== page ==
Kestenbaum & Co. to Offer Fine Judaica: Printed Books, Manuscripts, & Art

Following the firm’s exclusive sale of Magnificent Silver Judaica last month, Kestenbaum & Company is now pleased to present on Thursday, January 31st at 3:00 pm, an auction of nearly 400 lots featuring the broad variety of Fine Judacia for which the company is celebrated. In addition to Rare Books and Manuscripts, this particular auction has an unusually strong section of Graphic Art highlighted by the famous 18th century portrait of the Ba’al Shem of London which is featured on the auction catalogue cover, as well as a collection of very fine Epraim Moses Lilien artwork.  


The celebrated painting of Hayim Samuel Jacob Falk, the Ba’al Shem of London, was painted in the 1770s probably by the French-British artist, Philip James de Loutherbourg. For more than a century it was broadly accepted that this was a portrait of the Ba’al Shem Tov himself. This framed oil on canvas is estimated at $30,000-50,000 (Lot 287).

Ten fine engravings by E.M. Lilien, each beautifully framed, that were purchased in the 1950s directly by the consignor from the artist’s sister, are sure to be of interest to art collectors. The highlight is a large watercolor from 1904 featuring the Biblical Moses as Liberator designed for a stained glass window in Hamburg, Germany, the pre-auction estimate for which is $10,000-15,000 (Lot 296). Also of particular interest in this section is a large hand-colored Micrographic Engraving for Rosh Hashanah and Yom Kippur composed by Levi Van Gelder, New York, circa 1865, estimate $15,000-20,000 (Lot 310) and a rare engraved Portrait of Moses with the Ten Commandments in Hebrew by Hyam Sakolski, New York, 1872 at an estimate of $5,000-7,000 (Lot 282).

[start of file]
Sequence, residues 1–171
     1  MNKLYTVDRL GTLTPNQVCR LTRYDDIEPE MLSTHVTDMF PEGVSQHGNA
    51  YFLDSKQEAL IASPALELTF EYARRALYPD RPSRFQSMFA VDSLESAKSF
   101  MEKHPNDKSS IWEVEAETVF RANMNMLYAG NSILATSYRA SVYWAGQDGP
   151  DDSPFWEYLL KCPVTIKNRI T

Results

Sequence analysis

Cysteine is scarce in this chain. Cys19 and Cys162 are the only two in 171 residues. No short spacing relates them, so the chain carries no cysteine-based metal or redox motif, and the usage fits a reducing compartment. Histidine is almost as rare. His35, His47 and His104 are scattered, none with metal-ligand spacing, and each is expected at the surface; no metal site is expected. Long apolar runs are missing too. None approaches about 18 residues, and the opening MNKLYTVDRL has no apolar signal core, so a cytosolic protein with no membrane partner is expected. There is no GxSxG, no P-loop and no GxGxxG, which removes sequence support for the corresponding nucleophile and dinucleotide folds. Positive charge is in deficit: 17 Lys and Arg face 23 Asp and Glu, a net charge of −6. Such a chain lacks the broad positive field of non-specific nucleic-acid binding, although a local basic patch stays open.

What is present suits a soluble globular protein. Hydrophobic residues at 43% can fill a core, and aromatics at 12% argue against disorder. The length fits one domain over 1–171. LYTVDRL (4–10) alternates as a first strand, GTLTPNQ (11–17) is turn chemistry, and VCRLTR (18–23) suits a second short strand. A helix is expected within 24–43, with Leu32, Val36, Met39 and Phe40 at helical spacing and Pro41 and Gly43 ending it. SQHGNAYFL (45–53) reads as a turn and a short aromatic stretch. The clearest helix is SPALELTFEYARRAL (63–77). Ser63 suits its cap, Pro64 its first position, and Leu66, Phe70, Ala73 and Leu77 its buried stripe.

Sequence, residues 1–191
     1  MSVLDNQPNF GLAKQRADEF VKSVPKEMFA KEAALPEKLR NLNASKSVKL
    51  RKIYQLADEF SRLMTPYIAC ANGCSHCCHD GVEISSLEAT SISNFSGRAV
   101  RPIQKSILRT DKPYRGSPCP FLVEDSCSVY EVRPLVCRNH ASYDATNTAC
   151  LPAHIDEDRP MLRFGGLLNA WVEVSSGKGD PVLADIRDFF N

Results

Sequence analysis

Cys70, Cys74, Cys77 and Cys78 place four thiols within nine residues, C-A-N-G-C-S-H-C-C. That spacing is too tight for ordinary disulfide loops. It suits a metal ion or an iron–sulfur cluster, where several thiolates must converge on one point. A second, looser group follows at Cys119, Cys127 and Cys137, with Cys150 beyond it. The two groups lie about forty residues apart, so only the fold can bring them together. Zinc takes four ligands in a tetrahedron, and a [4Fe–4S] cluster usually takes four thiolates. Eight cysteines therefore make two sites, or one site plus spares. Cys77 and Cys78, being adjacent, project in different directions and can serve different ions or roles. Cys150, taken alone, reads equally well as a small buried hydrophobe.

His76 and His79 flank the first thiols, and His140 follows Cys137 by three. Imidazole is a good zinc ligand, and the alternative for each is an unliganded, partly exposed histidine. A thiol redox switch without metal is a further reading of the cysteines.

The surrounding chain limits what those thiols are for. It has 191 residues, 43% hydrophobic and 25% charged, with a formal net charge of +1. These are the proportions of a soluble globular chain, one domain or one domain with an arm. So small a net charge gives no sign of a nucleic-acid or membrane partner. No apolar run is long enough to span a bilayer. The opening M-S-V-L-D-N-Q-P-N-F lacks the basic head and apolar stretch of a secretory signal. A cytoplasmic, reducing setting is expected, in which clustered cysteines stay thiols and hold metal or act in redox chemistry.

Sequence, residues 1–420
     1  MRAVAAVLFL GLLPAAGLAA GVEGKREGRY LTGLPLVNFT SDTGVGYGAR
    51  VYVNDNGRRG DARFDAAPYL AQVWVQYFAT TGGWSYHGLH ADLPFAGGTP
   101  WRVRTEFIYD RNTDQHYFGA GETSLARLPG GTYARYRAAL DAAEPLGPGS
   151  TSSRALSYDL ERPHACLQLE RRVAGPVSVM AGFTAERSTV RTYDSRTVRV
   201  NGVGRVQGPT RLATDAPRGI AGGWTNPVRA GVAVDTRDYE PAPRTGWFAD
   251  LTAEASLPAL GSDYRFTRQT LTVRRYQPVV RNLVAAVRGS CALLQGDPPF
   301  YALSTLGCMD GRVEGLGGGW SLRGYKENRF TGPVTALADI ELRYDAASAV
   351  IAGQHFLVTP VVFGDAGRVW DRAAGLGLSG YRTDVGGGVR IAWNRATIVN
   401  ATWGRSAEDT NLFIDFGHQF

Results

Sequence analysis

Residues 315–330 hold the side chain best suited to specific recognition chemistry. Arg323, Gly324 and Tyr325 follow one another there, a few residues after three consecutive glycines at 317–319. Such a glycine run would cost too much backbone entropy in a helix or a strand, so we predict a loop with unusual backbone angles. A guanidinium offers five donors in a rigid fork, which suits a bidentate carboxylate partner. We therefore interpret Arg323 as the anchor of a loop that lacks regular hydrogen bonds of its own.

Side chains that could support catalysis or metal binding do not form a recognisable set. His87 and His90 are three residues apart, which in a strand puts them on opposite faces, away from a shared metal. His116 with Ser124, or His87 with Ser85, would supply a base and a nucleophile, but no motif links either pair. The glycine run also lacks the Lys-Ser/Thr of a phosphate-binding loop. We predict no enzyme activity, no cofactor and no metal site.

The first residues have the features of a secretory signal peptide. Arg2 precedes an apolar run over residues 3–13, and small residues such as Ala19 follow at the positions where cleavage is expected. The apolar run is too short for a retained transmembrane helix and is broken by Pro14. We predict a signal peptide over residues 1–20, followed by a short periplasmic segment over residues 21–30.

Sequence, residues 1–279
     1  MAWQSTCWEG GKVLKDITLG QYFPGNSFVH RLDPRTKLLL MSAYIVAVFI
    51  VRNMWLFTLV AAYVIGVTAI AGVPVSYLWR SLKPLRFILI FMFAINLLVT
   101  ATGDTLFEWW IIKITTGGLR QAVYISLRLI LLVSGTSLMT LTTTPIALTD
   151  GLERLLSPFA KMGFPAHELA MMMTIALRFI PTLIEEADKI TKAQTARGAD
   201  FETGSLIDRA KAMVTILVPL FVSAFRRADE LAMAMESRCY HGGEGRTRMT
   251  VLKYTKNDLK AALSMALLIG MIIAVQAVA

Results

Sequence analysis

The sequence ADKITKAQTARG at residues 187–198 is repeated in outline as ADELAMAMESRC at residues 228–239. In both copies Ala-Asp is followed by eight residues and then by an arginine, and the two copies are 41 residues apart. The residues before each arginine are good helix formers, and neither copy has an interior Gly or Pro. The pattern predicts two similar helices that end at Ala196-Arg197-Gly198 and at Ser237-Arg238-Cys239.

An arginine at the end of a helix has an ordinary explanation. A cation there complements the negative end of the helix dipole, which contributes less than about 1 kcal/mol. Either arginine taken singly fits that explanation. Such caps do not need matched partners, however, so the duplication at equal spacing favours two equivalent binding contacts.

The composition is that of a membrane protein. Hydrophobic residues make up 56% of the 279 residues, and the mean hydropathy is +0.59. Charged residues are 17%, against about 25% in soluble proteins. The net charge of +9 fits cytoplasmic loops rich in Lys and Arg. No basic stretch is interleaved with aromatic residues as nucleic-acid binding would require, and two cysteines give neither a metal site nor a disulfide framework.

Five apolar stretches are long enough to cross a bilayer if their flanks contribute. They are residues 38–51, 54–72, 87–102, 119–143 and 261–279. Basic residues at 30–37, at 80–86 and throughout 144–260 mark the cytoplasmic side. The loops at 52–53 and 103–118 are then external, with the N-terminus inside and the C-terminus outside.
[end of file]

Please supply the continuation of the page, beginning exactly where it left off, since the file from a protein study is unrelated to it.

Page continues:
Other artists featured within the Graphic Art section include Imre Amos, Jacques Emile Edouard Brandon, William Gropper, Jacques Lipchitz, Jozef Israëls, Lazar Krestin, Artur Markowicz, Baruch Nachshon, Saul Raskin, Jakob Steinhardt, Abraham Walkowitz, Max Weber, Issachar Ryback and Shalom Moskowitz of Safed. 


A varied and interesting selection of Ceremonial Art is being offered for auction. Particularly striking is a beautiful and opulent late 19th century Continental gold Megillah case housing a Scroll of Esther on vellum, estimated at $30,000-50,000 (Lot 334). Another rarity of gold Judaica is an attractive Louis XIV-style Torah Pointer applied with jewels, at an estimate of $10,000-15,000 (Lot 335). Further highlights include an Italian illuminated Scroll of Esther, 18th century, estimate $10,000-12,000 (Lot 358), an Italian silver-bound Prayer-Book, estimate $4,000-6,000 (Lot 359), and a miniature Bezalel silver Megillah case housing an illustrated Esther Scroll, circa 1920, estimate $1,500-2,000 (Lot 357). Also featured are Chanukah Lamps, Kiddush Cups and Spice Towers. Particularly noteworthy within a section devoted to textiles is an exceptionally fine 19th century embroidered linen Torah Binder, previously in the Collection of the Hechal Shlomo Museum of Jerusalem, at an estimate of $5,000-7,000 (Lot 368).